Amber Waves, May 01, 2007

    To manage Conservation Program dollars cost-effectively, program managers must motivate farmers to offer to participate and then select those applicants who offer the greatest environmental benefit per dollar spent. Bidding is one way to do that; allowing farmers to "bid" for the activity they will undertake and the level of payment they would receive for it provides program managers with the information they need to compare the costs and benefits of contract offers. This could ensure that final program participants are those who will maximize taxpayers' investment in conservation effort.

  • Green Payments: Can Income and Conservation Payments Be Combined?

    Amber Waves, May 01, 2007

    Green payments would merge farm income support and conservation payments. If income support and conservation payments go to different farms, policymakers will face tradeoffs between the two objectives when designing a green payments program.

  • Environmental Credit Trading: Can Farming Benefit?

    Amber Waves, May 01, 2007

    Environmental credit trading is a market-based approach to complying with regulations with the potential to achieve pollution abatement goals at least cost to society. Agriculture can contribute to credit trading programs by generating pollution-reduction credits through the adoption of environmentally preferred practices and selling the credits to regulated firms.

  • Model Captures the Interaction Between Agriculture and the Environment

    Amber Waves, April 01, 2007

    The Regional Environment and Agriculture Programming Model (REAP) was developed to help researchers analyze the potential effects of agri-environmental policies by taking into account the interactions between product prices, production practices, and the environment. Formerly named the U.S. Mathematical Programming Agricultural Sector Model (USMP), REAP was originally developed in the mid-1980s and has been used to analyze a wide variety of agricultural policy issues.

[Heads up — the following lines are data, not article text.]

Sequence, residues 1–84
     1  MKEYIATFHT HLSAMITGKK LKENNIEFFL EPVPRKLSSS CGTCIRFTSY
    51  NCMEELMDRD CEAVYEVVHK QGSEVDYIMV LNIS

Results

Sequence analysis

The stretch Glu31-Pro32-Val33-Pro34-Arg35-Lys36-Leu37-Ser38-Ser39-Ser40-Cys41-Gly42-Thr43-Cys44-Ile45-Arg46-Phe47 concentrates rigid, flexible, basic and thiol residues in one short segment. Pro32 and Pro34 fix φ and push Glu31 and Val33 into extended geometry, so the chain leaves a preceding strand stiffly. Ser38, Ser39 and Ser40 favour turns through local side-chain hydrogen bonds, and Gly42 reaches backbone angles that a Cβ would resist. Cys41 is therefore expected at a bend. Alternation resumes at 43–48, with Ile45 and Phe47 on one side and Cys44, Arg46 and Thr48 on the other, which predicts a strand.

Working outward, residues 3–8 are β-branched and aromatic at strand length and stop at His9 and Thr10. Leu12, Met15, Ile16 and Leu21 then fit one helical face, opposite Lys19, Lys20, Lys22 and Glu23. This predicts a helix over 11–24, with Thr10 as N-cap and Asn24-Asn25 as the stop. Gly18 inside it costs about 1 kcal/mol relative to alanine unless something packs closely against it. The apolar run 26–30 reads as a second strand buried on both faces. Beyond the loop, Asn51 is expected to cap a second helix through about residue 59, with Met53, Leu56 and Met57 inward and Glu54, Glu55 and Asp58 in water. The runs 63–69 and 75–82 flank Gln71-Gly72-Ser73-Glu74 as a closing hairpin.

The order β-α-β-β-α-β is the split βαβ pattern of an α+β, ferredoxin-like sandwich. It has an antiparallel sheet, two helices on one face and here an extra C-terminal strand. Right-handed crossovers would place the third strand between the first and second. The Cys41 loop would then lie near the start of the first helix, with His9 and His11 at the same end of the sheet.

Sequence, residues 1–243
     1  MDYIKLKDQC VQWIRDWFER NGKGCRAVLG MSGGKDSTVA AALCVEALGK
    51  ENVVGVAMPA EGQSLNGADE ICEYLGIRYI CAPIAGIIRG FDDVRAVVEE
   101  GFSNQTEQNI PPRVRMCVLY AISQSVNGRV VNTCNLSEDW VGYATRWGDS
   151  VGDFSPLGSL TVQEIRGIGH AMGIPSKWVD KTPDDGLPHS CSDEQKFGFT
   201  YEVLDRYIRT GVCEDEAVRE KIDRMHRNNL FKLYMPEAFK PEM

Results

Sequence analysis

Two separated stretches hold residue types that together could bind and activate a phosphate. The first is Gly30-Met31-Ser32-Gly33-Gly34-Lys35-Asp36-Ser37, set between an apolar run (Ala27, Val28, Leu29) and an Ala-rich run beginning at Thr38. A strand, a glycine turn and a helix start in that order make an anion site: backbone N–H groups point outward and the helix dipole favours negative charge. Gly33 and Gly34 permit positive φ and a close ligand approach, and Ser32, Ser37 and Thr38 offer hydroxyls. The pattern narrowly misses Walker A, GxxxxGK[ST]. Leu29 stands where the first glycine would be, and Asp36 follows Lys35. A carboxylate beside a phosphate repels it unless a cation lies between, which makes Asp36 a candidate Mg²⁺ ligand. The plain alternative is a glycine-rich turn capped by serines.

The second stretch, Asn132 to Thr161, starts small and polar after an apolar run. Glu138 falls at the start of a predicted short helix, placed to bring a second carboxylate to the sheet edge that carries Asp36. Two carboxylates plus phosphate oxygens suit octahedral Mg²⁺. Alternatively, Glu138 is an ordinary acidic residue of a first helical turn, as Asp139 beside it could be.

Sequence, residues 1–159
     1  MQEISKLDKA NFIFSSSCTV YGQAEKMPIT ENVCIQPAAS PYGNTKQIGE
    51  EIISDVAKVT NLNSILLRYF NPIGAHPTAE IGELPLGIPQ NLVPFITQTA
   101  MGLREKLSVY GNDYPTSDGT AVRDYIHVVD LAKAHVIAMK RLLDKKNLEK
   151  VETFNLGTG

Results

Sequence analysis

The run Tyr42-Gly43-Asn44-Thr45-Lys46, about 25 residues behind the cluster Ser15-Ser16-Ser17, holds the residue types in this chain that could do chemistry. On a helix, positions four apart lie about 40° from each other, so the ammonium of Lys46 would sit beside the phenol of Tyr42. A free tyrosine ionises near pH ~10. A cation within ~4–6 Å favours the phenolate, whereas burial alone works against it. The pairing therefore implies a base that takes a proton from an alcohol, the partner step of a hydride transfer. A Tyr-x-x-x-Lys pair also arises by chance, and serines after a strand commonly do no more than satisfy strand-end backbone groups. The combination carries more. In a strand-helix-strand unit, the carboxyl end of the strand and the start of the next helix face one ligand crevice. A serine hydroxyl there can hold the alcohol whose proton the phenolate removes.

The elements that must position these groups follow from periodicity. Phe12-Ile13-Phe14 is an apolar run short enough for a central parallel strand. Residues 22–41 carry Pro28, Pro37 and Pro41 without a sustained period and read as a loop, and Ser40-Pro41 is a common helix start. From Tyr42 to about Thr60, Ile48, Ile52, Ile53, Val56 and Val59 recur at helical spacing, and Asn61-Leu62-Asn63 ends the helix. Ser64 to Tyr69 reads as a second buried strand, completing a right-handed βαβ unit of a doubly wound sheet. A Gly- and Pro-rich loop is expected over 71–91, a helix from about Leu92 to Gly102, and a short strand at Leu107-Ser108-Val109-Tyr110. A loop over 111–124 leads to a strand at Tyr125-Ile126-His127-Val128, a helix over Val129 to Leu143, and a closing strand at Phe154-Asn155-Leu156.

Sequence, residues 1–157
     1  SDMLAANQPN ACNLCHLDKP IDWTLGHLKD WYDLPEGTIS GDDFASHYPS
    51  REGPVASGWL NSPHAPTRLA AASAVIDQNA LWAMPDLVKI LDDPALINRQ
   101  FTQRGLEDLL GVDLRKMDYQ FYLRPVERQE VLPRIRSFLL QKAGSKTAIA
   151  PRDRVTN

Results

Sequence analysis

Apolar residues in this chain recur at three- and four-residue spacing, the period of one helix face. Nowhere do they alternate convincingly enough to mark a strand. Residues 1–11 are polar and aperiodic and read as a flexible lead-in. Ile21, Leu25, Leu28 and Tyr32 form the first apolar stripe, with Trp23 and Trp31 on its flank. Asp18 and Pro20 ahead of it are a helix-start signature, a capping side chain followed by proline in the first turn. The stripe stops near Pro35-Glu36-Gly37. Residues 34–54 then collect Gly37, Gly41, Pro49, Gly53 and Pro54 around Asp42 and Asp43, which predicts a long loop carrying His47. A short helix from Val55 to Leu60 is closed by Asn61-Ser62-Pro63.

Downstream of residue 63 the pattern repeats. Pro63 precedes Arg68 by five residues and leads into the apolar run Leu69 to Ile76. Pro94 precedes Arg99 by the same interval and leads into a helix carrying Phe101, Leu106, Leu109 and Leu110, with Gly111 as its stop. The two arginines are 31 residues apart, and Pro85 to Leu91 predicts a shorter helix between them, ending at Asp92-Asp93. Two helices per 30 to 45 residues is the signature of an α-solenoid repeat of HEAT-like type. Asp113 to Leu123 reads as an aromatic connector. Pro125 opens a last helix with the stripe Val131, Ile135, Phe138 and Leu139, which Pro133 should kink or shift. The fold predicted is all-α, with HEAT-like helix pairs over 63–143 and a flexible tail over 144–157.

• Indicators

    Amber Waves, April 01, 2007

    Indicators tables from the April 2007 issue of Amber Waves.

  • Regional Environment and Agriculture Programming Model (REAP)

    TB-1916, March 30, 2007

    The Regional Environment and Agriculture Programming Model (REAP), facilitates scenario-or "what if"-analyses by showing how changes in technology, commodity supply or demand, or farm, resource, environmental, or trade policy could affect a host of performance indicators important to decisionmakers and stakeholders. This report describes its theoretical and modeling system specification and the data used by REAP, and serves as a user guide for setting up and running model simulations.

  • Targeting Conservation Funds Increases Environmental Benefits

    Amber Waves, February 01, 2007

    To best serve the public's interest, conservation program funds should be allocated to address the most pressing environmental concerns. Targeting is an efficient means of achieving this goal because it directs funds to conservation program participants based on the expected environmental benefits.

  • On The Map

    Amber Waves, February 01, 2007

    About $2.5 billion has been obligated under the Environmental Quality Incentives Program (EQIP) from its inception in fiscal 1997 through the end of fiscal 2004. EQIP is the Nation’s largest program that pays farmers for conservation efforts on working lands, in terms of obligated funds.

  • Irrigated Acres Up, Water Application Rate Trending Down

    Amber Waves, November 01, 2006

    Irrigated acreage has increased by over 40 percent in the last 35 years, while total water applied increased by only 11 percent because of reduced per-acre water applications. Irrigated agriculture will remain an important land cultivation practice for the foreseeable future, but continued changes in the location and use of irrigation water are likely.

  • Agriculture Dominates Freshwater Use in the U.S.

    Amber Waves, November 01, 2006

    Agriculture accounts for over 80 percent of the Nation's consumptive water use on the 20 percent of cropland that is irrigated. Almost all agricultural water withdrawals are for irrigation and 85 percent of these withdrawals occur in the Western States. There are environmental impacts of water use in all sectors, with the consequences depending on water source, natural supplies, and competing uses.

  • Agricultural Policy Affects Land Use and the Environment

    Amber Waves, September 01, 2006

    Economic forces and policy changes encourage producers to shift less productive, or 'marginal,' cropland in and out of production. Because marginal lands are also environmentally sensitive along several dimensions, cropland shifts have environmental, as well as economic, effects. Thus, agricultural and conservation programs that affect land use likely have more profound effects on erosion and some other environmental factors than on production.